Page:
April 17, 2016
Some of the people against question four on the ballot for the June 7 constitutional referendum are not genuinely concerned about the amendment possibly leading to same-sex marriage, but are in their hearts opposed for another reason, which they simply are too embarrassed to admit, according to former Attorney General Sean McWeeney, who chaired the Constitutional Commission.
"My own view fundamentally is that this is a smokescreen," McWeeney told National Review on Saturday.
"I think there are a lot of people in this country who just do not accept the fundamental truth that men and women are equal, but I think they're too embarrassed to say it, so they look for an issue like same-sex marriage to hang their hat on. That's my honest view."
McWeeney did not reference any group in particular, but he said it is unfortunate that what was intended to be a debate on gender equality has morphed into a debate on same-sex marriage.
On the weekend, a group of pastors expressed concerns about question number four, which would make it unconstitutional to discriminate against someone based on sex -- sex being defined as male or female.
"We see this as opening that door [to same-sex marriage]," said Pastor Mario Moxey of Bahamas Harvest Church.
"Once we allow this to happen, as you know, our high courts are not in The Bahamas. Our high courts are in England where the social philosophy in England right now is they're very liberal and they're proponents of same-sex marriage, so there is no doubt in our own hearts and minds about whether they would rule in favor of same-sex marriage."
The proposed amendment was one of the recommendations made by McWeeney's commission, which reported in 2013.
While the government adopted that recommendation -- recommendation 24 -- it did not adopt an accompanying recommendation.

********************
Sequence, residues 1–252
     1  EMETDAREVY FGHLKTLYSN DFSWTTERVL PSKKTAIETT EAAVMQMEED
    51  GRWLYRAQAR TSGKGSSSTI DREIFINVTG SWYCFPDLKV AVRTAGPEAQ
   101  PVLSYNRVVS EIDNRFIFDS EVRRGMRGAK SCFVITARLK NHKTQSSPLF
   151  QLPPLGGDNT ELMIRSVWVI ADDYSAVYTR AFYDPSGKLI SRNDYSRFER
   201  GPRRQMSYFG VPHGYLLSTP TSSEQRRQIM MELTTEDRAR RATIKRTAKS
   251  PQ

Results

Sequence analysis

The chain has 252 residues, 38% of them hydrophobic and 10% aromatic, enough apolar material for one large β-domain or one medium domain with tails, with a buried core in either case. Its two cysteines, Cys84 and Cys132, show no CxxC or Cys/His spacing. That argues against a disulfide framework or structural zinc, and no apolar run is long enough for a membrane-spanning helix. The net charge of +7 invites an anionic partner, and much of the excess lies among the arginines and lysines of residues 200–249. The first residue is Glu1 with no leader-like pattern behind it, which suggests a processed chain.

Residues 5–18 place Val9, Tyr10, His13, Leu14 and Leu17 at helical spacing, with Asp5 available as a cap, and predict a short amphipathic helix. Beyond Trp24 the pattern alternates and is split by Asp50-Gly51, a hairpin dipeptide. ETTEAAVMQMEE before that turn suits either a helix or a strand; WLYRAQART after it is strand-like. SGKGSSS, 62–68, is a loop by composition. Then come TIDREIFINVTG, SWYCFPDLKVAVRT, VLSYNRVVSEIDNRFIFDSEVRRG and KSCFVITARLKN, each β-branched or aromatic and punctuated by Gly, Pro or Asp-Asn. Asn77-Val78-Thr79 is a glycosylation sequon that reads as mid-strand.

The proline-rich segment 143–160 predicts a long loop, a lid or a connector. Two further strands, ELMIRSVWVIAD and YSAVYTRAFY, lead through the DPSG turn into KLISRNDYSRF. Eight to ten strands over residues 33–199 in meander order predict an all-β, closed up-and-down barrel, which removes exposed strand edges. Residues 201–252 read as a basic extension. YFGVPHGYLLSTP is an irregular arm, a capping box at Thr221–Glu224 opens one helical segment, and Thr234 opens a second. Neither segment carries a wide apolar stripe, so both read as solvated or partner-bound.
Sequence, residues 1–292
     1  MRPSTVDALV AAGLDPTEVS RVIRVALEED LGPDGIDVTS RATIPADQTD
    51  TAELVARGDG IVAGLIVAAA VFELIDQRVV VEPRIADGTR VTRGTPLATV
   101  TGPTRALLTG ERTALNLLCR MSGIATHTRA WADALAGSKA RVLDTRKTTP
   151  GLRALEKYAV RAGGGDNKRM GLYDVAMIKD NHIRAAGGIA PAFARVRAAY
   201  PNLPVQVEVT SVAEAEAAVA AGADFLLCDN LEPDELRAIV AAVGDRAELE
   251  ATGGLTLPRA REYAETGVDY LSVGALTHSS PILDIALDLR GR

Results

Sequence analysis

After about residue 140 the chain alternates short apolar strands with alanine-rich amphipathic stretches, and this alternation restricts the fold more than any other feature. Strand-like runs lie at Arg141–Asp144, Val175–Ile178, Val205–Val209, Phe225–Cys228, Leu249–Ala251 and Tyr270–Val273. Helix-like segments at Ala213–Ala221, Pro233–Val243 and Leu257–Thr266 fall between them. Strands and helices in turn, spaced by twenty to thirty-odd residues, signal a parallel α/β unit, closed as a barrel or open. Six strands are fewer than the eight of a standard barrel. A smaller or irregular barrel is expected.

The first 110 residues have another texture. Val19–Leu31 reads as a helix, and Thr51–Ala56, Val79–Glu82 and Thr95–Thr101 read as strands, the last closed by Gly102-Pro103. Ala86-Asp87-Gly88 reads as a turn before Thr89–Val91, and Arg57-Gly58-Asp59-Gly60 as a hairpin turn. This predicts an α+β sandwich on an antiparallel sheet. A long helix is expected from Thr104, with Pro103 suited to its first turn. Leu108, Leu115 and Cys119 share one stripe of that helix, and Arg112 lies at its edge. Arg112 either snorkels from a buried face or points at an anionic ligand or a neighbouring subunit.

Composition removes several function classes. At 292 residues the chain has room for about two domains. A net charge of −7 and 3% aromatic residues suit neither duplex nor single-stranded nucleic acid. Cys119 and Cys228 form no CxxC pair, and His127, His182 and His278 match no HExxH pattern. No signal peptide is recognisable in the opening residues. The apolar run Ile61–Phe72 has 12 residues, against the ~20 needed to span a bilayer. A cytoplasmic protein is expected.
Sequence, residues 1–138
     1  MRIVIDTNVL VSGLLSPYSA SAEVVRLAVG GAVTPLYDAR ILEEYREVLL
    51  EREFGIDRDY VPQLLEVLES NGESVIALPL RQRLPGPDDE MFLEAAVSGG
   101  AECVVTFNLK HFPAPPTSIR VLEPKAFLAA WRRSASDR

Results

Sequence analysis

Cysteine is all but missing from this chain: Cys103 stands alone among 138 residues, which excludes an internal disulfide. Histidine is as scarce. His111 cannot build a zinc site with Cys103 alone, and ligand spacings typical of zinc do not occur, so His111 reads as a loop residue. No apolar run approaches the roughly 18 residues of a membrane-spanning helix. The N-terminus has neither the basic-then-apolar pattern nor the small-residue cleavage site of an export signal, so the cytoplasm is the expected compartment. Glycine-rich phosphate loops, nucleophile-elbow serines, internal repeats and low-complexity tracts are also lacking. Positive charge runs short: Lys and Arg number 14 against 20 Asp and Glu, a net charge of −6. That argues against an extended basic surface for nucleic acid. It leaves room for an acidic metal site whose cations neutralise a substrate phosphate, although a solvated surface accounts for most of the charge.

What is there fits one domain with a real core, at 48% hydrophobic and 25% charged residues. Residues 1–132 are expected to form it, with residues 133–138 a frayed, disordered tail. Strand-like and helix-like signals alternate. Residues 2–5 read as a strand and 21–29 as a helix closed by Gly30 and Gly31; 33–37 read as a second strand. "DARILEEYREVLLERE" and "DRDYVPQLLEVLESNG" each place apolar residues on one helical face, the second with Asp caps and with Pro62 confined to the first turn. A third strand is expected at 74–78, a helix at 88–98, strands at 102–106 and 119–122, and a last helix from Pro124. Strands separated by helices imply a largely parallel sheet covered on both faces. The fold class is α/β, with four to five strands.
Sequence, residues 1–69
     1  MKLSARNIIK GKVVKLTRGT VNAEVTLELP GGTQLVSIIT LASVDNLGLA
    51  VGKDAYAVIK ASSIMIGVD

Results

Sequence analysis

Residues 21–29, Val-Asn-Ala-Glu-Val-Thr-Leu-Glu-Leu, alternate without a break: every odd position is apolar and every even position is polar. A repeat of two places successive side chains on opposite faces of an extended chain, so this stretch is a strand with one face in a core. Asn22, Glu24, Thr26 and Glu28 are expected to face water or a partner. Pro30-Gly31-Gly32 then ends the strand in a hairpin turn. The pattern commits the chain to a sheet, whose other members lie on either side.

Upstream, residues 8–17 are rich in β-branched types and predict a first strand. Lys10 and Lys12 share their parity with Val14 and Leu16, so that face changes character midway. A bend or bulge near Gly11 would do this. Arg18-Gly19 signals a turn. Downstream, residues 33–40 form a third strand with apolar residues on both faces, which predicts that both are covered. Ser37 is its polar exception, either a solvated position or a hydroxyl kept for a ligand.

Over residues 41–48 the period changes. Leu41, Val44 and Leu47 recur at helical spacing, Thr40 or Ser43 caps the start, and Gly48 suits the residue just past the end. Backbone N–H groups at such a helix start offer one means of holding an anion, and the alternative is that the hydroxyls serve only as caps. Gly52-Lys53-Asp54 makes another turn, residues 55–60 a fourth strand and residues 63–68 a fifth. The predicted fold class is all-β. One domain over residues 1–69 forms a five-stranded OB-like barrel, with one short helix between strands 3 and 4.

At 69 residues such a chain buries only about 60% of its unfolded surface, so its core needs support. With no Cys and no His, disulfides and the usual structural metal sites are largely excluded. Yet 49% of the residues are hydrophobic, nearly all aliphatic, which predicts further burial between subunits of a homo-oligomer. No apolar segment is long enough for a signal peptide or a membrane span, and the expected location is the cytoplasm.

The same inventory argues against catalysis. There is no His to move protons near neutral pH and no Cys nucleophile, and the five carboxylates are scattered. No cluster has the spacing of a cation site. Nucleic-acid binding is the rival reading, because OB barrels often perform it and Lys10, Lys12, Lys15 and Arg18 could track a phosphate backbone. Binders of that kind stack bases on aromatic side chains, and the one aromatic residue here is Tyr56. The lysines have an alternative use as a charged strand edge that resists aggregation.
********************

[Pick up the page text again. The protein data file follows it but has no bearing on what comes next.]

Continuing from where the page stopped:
Recommendation 25 states, "As a corollary to the recommendation at 24, the commission also proposes that an amendment be made to Article 26(4) to provide that no law which makes provisions prohibiting same-sex marriage or which provides for such marriages to be unlawful or void shall be held to be inconsistent with the constitution".
Asked why the government ignored recommendation 25, McWeeney said the commission's report is not the Holy Writ.
"People elevate this almost as if it's the Holy Bible," he said.
"They interpret it quite literally and strictly, but the fact of the matter is these are just recommendations. That's the first thing to note. These are recommendations.
"The only reason we put that in there is because there were some people in the community who were really troubled by this whole same-sex marriage thing, and they wanted something that would go the extra mile, as it were, to meet their concerns because they were concerned that the word 'sex' might encompass sexual orientation."
McWeeney insisted, "We're still meeting those concerns; we just took a different approach.
"What the bill number four ended up doing is including a definition of 'sex', which was not a part of the original recommendations, but it covers the same ground because 'sex' is being defined as meaning male or female and that implicitly precludes sexual orientation."
McWeeney also pointed out that his commission did not have the benefit of a legal opinion of prominent UK barrister Michael J. Beloff, QC.